Last year, the National College Athletic Association (NCAA) relaxed its rules, allowing collegiate athletes to accept endorsements. Many high schools quickly began to follow suit.
Now 19 states and counting allow elite prep athletes to earn six or even seven figures from their name, image, and likeness (NIL) before heading to college. Many have multiple endorsement deals fueled by millions of followers on Instagram, TikTok, and Twitter. The Nebraska-based online platform open-endorse.
California was the first state to allow high school athletes to sign NIL deals acknowledging that many of those young athletes are from low-income households, and most have to devote so many hours to their sport that it’s nearly impossible for them to function like regular students. However, earning big money at a young age can also make these athletes targets for exploitation. Consequently, over half of the states still need to grapple with whether or not money contracts are appropriate in high school sports. Student-athletes who earn significant money could jeopardize their ability to qualify for college financial aid. They also have to report their earnings and pay taxes. In addition, they have to think three steps ahead since signing a long-term deal with one brand could disqualify them from attending a college partnered with a rival brand.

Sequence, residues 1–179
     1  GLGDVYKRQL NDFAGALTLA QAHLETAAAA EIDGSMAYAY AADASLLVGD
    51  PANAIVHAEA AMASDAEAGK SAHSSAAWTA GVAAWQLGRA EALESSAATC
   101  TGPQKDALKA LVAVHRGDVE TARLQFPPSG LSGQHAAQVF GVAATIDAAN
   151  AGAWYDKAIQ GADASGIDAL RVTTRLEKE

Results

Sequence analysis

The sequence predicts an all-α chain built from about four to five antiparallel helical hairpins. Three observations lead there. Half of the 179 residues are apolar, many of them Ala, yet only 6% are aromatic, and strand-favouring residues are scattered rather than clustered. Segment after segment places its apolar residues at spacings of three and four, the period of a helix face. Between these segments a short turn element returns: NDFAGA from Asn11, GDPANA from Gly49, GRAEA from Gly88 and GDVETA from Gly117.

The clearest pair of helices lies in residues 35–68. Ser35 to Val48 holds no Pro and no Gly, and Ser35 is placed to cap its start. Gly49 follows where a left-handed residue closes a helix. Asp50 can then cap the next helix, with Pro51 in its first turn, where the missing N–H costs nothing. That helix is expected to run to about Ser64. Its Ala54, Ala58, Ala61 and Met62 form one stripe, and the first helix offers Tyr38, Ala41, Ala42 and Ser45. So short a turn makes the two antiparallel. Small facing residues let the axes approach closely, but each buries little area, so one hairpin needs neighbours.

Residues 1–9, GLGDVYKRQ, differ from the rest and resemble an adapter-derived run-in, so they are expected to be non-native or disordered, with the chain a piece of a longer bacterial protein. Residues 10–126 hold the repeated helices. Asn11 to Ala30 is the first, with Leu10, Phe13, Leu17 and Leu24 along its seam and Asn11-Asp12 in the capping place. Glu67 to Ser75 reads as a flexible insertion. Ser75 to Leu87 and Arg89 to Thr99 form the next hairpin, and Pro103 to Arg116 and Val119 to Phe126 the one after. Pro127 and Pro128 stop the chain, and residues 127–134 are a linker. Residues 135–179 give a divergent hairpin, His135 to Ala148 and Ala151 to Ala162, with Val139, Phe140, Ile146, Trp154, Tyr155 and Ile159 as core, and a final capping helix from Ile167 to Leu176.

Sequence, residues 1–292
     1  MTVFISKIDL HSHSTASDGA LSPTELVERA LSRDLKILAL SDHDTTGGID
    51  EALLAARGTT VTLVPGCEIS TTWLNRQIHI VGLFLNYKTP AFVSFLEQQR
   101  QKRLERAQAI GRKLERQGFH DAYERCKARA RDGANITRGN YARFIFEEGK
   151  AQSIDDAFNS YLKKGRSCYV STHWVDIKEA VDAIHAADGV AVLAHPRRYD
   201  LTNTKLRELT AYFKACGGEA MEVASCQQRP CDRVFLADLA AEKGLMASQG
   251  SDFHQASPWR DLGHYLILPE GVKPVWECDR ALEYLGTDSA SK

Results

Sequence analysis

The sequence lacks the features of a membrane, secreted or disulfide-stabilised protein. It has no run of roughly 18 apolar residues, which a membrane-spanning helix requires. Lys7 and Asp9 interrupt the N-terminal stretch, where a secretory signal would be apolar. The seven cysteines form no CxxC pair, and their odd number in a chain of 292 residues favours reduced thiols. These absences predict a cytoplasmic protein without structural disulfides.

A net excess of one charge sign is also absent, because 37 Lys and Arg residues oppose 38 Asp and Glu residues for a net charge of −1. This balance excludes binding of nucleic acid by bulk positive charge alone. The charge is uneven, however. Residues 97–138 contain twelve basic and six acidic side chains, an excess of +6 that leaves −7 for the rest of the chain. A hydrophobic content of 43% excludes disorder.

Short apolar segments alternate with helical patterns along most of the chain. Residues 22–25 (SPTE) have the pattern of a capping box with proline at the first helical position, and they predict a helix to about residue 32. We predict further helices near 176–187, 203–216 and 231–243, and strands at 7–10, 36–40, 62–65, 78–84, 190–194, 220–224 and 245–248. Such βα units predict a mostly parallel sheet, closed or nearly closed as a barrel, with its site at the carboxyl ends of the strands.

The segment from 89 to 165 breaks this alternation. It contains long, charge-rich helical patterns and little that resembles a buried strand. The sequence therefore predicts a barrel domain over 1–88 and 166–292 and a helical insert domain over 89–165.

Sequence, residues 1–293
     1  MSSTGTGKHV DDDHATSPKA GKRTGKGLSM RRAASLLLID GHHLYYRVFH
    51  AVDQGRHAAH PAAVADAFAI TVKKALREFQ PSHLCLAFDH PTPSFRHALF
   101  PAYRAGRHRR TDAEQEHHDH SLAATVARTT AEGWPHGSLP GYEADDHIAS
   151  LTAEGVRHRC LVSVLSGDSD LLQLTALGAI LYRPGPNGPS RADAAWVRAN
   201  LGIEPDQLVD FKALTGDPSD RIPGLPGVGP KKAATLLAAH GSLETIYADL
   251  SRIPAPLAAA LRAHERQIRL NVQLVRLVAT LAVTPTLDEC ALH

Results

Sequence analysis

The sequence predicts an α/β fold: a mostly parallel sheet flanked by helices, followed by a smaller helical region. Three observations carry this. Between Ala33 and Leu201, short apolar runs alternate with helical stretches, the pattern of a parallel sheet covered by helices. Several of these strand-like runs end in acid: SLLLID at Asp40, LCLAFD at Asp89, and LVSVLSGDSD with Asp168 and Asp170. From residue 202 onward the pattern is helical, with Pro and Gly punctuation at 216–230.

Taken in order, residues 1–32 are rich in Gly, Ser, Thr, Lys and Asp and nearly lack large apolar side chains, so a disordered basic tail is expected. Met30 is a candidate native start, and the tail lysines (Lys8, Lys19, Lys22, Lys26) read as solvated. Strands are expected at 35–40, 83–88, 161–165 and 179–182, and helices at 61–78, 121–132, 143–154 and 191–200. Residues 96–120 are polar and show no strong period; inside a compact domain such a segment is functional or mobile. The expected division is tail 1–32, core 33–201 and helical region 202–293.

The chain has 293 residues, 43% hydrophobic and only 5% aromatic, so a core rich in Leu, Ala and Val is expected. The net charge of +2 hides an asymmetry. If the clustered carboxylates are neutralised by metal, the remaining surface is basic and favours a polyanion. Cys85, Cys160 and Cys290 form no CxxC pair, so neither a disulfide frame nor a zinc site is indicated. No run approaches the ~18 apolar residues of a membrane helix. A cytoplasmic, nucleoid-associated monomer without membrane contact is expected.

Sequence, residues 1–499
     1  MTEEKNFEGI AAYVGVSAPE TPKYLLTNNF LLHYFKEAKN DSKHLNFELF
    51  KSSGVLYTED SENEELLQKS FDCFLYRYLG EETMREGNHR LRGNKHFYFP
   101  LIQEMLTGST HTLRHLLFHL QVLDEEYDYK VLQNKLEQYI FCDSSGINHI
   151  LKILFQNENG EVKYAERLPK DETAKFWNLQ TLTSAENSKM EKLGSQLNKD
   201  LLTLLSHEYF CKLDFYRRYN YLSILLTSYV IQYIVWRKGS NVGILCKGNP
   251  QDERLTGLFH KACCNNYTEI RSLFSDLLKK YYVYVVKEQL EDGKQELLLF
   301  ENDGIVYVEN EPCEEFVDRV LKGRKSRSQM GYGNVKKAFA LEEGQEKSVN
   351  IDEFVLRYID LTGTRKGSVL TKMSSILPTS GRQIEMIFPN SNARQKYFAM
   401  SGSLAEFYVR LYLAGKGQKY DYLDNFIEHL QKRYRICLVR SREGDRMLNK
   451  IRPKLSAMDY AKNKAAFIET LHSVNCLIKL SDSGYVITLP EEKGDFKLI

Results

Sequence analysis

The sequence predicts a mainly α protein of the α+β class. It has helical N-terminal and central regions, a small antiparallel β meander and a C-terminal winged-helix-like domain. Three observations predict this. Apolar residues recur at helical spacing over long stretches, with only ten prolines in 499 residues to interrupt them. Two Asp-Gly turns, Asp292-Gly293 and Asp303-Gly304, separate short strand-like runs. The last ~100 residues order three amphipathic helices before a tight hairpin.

Regardless of the pros and cons, Pew Research predicts that the number of high school athletes cashing in on endorsements, autographs, and sponsorships is likely to increase as more and more states change their laws.